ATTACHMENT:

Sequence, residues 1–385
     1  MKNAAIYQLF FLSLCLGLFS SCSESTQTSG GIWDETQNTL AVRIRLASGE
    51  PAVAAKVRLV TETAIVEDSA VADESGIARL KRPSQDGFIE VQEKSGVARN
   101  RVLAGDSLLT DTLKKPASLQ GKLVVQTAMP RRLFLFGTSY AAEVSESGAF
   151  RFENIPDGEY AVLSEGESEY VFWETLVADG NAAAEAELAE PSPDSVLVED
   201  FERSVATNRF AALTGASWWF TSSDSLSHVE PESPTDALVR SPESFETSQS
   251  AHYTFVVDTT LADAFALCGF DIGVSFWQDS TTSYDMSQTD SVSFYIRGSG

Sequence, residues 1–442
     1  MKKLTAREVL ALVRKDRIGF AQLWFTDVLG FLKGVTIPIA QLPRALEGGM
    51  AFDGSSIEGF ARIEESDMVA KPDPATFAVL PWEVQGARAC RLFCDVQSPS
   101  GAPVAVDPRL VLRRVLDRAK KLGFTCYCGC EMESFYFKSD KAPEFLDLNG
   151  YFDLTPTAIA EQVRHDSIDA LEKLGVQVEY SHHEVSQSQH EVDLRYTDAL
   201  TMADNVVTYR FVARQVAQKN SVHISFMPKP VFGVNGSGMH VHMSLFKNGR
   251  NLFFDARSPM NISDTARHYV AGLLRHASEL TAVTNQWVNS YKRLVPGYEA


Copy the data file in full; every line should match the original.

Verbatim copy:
Sequence, residues 1–385
     1  MKNAAIYQLF FLSLCLGLFS SCSESTQTSG GIWDETQNTL AVRIRLASGE
    51  PAVAAKVRLV TETAIVEDSA VADESGIARL KRPSQDGFIE VQEKSGVARN
   101  RVLAGDSLLT DTLKKPASLQ GKLVVQTAMP RRLFLFGTSY AAEVSESGAF
   151  RFENIPDGEY AVLSEGESEY VFWETLVADG NAAAEAELAE PSPDSVLVED
   201  FERSVATNRF AALTGASWWF TSSDSLSHVE PESPTDALVR SPESFETSQS
   251  AHYTFVVDTT LADAFALCGF DIGVSFWQDS TTSYDMSQTD SVSFYIRGSG

Sequence, residues 1–442
     1  MKKLTAREVL ALVRKDRIGF AQLWFTDVLG FLKGVTIPIA QLPRALEGGM
    51  AFDGSSIEGF ARIEESDMVA KPDPATFAVL PWEVQGARAC RLFCDVQSPS
   101  GAPVAVDPRL VLRRVLDRAK KLGFTCYCGC EMESFYFKSD KAPEFLDLNG
   151  YFDLTPTAIA EQVRHDSIDA LEKLGVQVEY SHHEVSQSQH EVDLRYTDAL
   201  TMADNVVTYR FVARQVAQKN SVHISFMPKP VFGVNGSGMH VHMSLFKNGR
   251  NLFFDARSPM NISDTARHYV AGLLRHASEL TAVTNQWVNS YKRLVPGYEA